Back-to-School-Night is often used as a time to share classroom curriculum, explain routines and expectations, and make sure families see prettily completed work — all so that they are reassured that the children are learning effectively. After all, aren’t parents most interested in the academic content their children are going to be taught?
My experience is that the answer to that question is “no”.
What parents crave most of all is connection — just like children in the classroom. Research clearly shows that for adults and children alike, emotional safety and social connection come before engaged learning and a growth mindset. Wendy Mogul, psychologist and author of The Blessing of a Skinned Knee and The Blessing of a B Minus, speaks about this very compellingly (or go back further to Abraham Maslow and the hierarchy of needs).
This is true even — and especially — as children enter middle school. Adolescence is a natural time of distancing and redefining by children. Parents have to learn to navigate their own feelings and experiences at the same time that their children begin developing more individualized identities. What guardians really want is to be emotionally and socially connected with the teachers, with each other, and with the ideas and values that underlie the program. They want to know that their children will be prepared for the future not just academically, but also as good people with strong character and integrity.
This year I offered four distinct pieces of advice to middle school families at Back to School Night. My hope is that all of our families engage in an ongoing conversation about our beliefs and values as families, think carefully about the parenting choices we make, and don’t lose sight of the forest for the trees when it comes to the hard work of raising children.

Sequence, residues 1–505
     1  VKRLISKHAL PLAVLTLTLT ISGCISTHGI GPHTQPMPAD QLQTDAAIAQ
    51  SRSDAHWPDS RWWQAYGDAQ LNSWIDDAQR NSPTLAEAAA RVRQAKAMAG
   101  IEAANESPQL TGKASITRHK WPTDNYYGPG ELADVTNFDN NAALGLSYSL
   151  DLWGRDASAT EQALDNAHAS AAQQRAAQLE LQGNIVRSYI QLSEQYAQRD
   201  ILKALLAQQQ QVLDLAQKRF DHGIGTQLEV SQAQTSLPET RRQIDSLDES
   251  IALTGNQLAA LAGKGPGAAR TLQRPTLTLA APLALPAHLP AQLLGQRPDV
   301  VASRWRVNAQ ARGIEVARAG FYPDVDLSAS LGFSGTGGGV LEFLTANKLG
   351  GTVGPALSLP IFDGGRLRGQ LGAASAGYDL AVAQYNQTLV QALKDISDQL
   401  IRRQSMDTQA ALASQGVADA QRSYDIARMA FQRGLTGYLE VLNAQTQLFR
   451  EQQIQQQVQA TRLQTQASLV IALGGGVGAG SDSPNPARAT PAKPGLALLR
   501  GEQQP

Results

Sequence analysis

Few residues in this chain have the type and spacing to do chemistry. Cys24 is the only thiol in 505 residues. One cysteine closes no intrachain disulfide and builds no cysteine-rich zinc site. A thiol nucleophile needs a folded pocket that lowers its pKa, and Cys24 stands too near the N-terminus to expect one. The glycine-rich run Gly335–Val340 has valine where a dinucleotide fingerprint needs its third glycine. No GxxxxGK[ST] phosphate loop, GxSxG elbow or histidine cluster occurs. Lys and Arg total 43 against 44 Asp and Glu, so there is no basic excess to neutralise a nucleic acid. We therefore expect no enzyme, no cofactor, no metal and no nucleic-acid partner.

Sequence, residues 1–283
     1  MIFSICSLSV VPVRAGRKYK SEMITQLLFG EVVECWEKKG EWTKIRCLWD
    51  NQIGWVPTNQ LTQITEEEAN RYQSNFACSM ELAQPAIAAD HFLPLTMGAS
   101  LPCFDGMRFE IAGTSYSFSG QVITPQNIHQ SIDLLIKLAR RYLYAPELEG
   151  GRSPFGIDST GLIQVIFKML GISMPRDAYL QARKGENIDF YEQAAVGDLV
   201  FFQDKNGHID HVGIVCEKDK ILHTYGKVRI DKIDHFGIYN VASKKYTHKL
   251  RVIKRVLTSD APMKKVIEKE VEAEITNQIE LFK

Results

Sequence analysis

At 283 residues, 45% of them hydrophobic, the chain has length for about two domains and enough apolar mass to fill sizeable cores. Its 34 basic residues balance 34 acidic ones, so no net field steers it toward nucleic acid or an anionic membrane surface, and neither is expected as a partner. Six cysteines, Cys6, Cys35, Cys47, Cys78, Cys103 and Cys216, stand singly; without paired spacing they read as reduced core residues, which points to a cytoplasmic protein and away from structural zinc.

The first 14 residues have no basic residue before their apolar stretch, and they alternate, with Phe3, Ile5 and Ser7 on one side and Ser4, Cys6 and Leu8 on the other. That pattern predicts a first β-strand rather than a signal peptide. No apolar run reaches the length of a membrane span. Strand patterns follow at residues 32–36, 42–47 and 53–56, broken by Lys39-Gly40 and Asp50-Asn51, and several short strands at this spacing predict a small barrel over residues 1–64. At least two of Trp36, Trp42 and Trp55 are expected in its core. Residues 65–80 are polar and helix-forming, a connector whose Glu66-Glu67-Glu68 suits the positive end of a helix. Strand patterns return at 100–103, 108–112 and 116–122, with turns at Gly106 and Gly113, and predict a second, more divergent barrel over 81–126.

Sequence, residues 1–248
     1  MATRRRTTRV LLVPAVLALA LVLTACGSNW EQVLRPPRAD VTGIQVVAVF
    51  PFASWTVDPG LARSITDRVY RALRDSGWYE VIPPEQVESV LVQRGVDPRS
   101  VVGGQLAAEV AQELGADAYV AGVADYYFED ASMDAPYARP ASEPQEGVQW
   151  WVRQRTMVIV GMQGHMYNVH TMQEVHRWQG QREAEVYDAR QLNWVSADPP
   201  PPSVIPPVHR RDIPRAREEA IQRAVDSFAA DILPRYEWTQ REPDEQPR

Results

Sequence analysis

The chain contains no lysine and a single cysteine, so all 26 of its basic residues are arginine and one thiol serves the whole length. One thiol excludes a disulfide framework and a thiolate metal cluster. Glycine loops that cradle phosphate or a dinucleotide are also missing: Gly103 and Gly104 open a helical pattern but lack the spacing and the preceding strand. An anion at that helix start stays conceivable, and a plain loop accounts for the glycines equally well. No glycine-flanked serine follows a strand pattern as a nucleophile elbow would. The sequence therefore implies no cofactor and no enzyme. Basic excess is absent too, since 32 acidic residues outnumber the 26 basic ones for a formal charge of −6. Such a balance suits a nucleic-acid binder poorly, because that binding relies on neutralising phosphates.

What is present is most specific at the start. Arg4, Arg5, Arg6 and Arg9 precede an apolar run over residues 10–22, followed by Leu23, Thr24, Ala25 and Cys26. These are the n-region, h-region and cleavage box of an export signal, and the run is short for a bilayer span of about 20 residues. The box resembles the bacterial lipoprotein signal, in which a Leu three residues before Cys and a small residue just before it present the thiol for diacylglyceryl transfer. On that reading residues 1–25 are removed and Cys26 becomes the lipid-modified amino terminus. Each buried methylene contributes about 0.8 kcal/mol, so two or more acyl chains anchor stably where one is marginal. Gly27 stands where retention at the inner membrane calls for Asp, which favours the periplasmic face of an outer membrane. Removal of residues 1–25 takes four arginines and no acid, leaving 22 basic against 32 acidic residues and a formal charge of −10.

Homework: Don’t do your child’s homework, and don’t correct it when it’s wrong. You’ve already been through school! The goal of homework is not for students to get it completed, it’s for children to get practice with knowledge and skills. Teachers use homework to inform their own sense of a child’s progress. And if your child is spending too much time on a particular piece, use your parental authority to call a stop. Check in with the teacher to help calibrate and problem solve as needed.
Devices: Know all the passwords and check all the apps on your child’s phone regularly. Please don’t assume that they will be able to be honest with you about what’s going on in the digital realm (either their own behavior, or that of others). Children are not developmentally ready for much of the online world, and this includes social media. Check out this TED talk by Tristan Harris for more on how children (and adults) are manipulated by technology.
After school: Let your child have some downtime. Participation on sports teams, dance squads, theater productions, and other enrichment activities is a wonderful way to enrich your child’s life. At the same time, the neuroscience is clear: children of all ages need unstructured and imaginative playtime to consolidate their growing neural pathways and develop a wide range of psychological and intersocial skills.
Play the Long Game: Anticipate that at some point, in some area (academic or social), your child will really struggle. When that happens, choose to frame the challenge as an opportunity. Treat each moment as a snapshot, not an epic movie. Your child will look to you for clues that what’s happening is not a catastrophe; use this time to model mindfulness and a growth mindset. And please reach out to partner with teachers and administration to help address the issues!
Neurologically speaking, the way the brain of a 13 year old works is much closer to that of a three year old than a 23 year old. But a 13 year old may seem more like a 23 year old physically, intellectually, or verbally, which can confuse our senses. They often aren’t ready for the independence they say they should have, so stay close to your child even as they push you away; it’s what they secretly want, but are afraid (or don’t know how) to say.
Dr. Zachary Roberts
Head of School